Mother Nature and gadgets. The two of them are a match made in heaven. There are gadgets that measure wind direction and velocity, gizmos that measure changes in the barometric pressure and gadgets that display the temperature. Today I’m going to tell you about the La Crosse Technology WS-7038U Wireless 433 MHz Miniature Rain Monitor. Sent to me by the folks at SmartHome, this kit comes with everything you will need to keep track of how much precipitation falls at your location.
LCD Rainfall monitor
Wireless Rainfall collector
The only necessary items that aren’t included are 2 AAA batteries for the LCD monitor, and 2 AA batteries for the wireless rainfall collector.
The rainfall collector / wireless transmitter, is a 7.20″ tall beige plastic cylinder that you place outside to collect… rain. The rain falls into the funnel shaped opening, where it drips onto a teeter totter style measuring device.
When enough water collects on the one side of the teeter totter, it will tip over so that the water can run out of the collector and through the drainage slots on the base of the unit.
In the picture above, you can see the drainage slots on the left and right sides of the base. You can also see the screw posts and battery compartment lid.
Using the supplied screws, you can mount the rain collector to a desired surface. Here you can see that I just placed the collector on my deck. So far I’ve not had any problems with it falling over in a heavy rain. At some point, I probably will go ahead and attach it to my deck railing, or some other surface out of the way.
The LCD monitor can be mounted to a wall, or with the included stand, sat on a table. As long as the rainfall collector (outside) and the LCD monitor (inside), are no more than 80 feet apart, wireless communication between the two devices should be fine.
Setup is a snap. Just install the batteries into the base of the collector, batteries into the monitor, and then set the time, date and day of the week on the monitor. After you complete those steps, it is just a matter of waiting for the next batch of rainclouds to form. Which is exactly what I had to do for several days once I had the collector in place and ready to go. Normally a person doesn’t hope for a rainy day (well, everyone except for Judie – who is always hoping for rain), but I did.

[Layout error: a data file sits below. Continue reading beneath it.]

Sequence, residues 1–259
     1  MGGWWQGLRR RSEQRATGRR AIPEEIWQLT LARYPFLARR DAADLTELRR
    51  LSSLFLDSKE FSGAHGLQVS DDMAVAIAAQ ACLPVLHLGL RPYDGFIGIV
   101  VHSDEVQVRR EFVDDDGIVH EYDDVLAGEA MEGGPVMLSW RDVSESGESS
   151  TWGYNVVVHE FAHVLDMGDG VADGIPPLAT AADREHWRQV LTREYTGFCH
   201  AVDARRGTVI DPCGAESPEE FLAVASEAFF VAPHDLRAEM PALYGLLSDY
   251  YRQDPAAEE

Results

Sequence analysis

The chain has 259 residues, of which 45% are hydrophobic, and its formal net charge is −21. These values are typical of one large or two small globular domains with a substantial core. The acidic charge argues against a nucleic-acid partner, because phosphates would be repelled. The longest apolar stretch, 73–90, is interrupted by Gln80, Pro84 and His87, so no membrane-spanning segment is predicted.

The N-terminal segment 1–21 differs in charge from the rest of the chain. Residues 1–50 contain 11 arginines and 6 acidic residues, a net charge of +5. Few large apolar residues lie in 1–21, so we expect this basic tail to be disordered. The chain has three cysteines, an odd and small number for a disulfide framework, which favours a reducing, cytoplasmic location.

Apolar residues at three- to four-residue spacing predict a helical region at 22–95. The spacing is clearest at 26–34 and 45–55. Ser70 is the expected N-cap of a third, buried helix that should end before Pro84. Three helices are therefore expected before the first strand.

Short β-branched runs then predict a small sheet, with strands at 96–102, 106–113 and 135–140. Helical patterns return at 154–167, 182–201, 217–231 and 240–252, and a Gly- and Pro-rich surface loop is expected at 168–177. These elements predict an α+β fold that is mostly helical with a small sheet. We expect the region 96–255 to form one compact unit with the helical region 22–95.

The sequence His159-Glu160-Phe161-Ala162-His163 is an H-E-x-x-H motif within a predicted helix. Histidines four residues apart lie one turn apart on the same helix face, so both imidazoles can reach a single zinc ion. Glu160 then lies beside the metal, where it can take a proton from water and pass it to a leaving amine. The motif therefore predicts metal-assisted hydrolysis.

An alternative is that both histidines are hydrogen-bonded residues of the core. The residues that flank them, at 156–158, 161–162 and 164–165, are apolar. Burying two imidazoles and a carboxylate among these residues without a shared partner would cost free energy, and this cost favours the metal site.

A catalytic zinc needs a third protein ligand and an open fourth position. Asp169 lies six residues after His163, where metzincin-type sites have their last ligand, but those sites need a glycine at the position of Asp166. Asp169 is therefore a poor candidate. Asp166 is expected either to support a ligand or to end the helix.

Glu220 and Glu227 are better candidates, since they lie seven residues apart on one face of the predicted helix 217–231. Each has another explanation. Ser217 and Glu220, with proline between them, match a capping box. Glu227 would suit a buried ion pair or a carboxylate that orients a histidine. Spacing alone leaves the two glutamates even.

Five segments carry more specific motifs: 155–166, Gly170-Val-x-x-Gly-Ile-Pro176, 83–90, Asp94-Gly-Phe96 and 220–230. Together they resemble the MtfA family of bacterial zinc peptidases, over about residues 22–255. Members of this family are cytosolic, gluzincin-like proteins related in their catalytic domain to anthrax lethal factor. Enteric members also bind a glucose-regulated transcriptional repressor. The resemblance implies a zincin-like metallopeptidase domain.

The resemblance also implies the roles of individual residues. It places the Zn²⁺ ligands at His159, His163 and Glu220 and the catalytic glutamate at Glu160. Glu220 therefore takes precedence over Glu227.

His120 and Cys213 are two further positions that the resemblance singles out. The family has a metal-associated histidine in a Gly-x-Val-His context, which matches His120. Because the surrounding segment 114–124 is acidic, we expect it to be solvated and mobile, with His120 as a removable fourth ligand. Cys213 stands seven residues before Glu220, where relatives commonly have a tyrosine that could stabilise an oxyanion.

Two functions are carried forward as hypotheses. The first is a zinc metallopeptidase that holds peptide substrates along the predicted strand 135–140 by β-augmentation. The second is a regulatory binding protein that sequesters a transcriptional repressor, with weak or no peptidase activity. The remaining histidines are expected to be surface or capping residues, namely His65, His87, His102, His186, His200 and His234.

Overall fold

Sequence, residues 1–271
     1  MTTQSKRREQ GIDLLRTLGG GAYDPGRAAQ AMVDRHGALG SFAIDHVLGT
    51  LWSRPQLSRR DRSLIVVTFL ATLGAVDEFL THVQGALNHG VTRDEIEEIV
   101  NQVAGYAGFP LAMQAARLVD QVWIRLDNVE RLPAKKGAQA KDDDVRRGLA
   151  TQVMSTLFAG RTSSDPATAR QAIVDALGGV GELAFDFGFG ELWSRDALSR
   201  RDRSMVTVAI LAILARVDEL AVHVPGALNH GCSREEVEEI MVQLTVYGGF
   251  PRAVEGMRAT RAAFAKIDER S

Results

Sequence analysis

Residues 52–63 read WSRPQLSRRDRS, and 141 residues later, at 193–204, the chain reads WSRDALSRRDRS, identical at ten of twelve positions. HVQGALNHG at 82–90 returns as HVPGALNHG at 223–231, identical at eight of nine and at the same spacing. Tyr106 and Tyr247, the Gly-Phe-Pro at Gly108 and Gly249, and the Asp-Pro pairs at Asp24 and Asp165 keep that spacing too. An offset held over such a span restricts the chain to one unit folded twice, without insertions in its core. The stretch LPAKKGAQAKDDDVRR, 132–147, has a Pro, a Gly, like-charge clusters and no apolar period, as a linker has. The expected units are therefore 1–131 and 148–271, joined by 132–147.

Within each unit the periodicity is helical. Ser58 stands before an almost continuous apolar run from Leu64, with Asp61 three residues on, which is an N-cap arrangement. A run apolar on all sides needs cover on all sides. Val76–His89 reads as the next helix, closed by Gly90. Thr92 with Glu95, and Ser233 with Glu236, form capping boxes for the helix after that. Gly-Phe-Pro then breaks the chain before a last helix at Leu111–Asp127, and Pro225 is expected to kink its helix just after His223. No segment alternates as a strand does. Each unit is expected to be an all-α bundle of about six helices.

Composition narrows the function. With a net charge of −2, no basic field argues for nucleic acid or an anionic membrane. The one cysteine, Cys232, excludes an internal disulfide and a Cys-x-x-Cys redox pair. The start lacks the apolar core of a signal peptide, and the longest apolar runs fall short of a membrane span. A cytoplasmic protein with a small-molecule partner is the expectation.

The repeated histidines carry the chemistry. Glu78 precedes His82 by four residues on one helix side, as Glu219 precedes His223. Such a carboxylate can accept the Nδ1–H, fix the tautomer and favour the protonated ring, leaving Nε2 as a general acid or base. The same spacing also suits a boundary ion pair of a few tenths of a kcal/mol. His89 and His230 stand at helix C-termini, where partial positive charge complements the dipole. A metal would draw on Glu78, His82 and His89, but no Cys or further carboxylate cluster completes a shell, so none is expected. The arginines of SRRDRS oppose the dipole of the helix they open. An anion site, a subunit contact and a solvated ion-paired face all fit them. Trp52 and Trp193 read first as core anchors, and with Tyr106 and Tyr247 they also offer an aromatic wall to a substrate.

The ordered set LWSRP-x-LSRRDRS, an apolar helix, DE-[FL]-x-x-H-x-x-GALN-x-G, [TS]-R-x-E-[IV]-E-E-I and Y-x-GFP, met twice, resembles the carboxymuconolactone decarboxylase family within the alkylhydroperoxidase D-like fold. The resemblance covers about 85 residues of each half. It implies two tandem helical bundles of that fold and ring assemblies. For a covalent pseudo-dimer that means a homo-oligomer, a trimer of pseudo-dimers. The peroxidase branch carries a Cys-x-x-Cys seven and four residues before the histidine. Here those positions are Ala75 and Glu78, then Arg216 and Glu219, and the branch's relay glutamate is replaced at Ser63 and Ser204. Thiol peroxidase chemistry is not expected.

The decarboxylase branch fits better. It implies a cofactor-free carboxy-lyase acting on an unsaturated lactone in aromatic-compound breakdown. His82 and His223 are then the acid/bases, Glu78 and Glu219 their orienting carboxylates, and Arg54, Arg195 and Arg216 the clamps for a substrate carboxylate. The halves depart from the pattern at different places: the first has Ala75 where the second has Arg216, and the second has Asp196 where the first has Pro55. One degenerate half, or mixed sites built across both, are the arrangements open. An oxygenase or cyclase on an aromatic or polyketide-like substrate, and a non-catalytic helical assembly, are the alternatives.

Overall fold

Four days later, I woke up to a nice gloomy / rainy day. Yay! Then another equally gloomy day. Yay!
The monitor uses a simple bar graph to display the amount of rain. In the pictures above, you can see the graphs for daily and weekly rainfalls. The numbers at the bottom the graph designate the last 6 days in daily mode, and last 6 weeks if viewing in weekly mode. 0 means the current day or week and the number 6 would mean rainfall from 6 days or 6 weeks ago. For example, in the picture above on the left, it is saying that 4 days ago it rained a half an inch. And then it rained another half an inch 1 day later. In the picture on the right, it is showing that this week it has rained 1 inch and last week it rained a tenth of an inch.
You can also view rainfall in monthly mode (for the last 6 months). You can also change the information displayed above the graph, from viewing the time of day, to the day of the month…
Or from day of the month, to the amount of rain that has fallen in the last hour or last 24hrs.
Of course, you can also view the total amount of rain that has fallen in the last 6 months.
This wireless rain monitor also has the ability to sound an alarm when rain is detected. It will sound the alarm for 150 seconds before automatically shutting off. I wouldn’t recommend setting the alarm, because it would probably scare the stuffings out of you if it went off in the middle of the night, due to a shower or thunderstorm. I’m not even sure why someone would want / need a rain alarm…
If you’re the type of person that has Weather.com bookmarked in your browser, Weatherbug installed in your taskbar, and never goes anywhere without an umbrella, then the WS-7038U Wireless 433 MHz Miniature Rain Monitor from La Crosse Technology, might make a nice addition to your arsenal of weather tools.